Lock-Step Consensus

The propaganda campaign is driven by a consensus among the major think tanks of Official Washington, where there is near universal support for Hillary Clinton, not because they all particularly like her, but because she has signaled a return to neocon/liberal-hawk strategies.

Former Secretary of State Madeleine Albright speaking at an Atlantic Council event.

As Greg Jaffe wrote for the neocon-dominated Washington Post on Friday, “In the rarefied world of the Washington foreign policy establishment, President Obama’s departure from the White House — and the possible return of a more conventional and hawkish Hillary Clinton — is being met with quiet relief.
“The Republicans and Democrats who make up the foreign policy elite are laying the groundwork for a more assertive American foreign policy, via a flurry of reports shaped by officials who are likely to play senior roles in a potential Clinton White House.
“It is not unusual for Washington’s establishment to launch major studies in the final months of an administration to correct the perceived mistakes of a president or influence his successor. But the bipartisan nature of the recent recommendations, coming at a time when the country has never been more polarized, reflects a remarkable consensus among the foreign policy elite.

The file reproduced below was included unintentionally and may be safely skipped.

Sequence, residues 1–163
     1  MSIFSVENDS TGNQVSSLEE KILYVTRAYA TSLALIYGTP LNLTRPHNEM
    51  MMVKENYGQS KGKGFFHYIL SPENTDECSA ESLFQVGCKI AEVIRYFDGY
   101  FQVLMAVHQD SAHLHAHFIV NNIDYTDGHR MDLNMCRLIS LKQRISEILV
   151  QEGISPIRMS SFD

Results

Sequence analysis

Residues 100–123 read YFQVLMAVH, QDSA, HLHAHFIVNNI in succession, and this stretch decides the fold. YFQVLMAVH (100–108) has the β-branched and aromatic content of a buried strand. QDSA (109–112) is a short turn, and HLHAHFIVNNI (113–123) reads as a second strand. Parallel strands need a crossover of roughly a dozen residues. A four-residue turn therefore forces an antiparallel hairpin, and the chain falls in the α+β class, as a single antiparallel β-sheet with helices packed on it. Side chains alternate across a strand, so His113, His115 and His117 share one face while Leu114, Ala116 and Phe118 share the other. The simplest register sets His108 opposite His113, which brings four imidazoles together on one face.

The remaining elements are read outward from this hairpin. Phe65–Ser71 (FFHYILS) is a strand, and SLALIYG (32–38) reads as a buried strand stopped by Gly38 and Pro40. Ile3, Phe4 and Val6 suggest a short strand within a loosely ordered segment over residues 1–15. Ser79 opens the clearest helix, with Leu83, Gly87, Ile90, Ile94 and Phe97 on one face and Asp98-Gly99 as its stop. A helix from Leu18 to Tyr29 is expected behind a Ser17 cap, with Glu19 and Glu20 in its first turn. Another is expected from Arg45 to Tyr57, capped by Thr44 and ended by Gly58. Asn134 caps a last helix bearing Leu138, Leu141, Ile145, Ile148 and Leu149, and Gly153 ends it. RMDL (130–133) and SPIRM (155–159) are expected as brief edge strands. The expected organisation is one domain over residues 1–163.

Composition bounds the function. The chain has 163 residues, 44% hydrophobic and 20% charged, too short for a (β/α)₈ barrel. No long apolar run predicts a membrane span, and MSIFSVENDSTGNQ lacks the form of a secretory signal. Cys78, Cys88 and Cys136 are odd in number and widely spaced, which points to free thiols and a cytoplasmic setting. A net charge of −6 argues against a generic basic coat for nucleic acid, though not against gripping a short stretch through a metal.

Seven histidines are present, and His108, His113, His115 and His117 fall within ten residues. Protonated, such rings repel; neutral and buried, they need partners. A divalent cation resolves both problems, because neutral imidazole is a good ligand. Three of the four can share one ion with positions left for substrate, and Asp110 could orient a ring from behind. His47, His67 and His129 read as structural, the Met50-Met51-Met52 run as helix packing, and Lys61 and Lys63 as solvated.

“This consensus is driven by a broad-based backlash against a president who has repeatedly stressed the dangers of overreach and the need for restraint, especially in the Middle East. … Taken together, the studies and reports call for more-aggressive American action to constrain Iran, rein in the chaos in the Middle East and check Russia in Europe.”

One of the lead organizations revving up these military adventures and also counting on a big boost in military spending under President Clinton is the Atlantic Council, a think tank associated with NATO that has been pushing for a major confrontation with nuclear-armed Russia.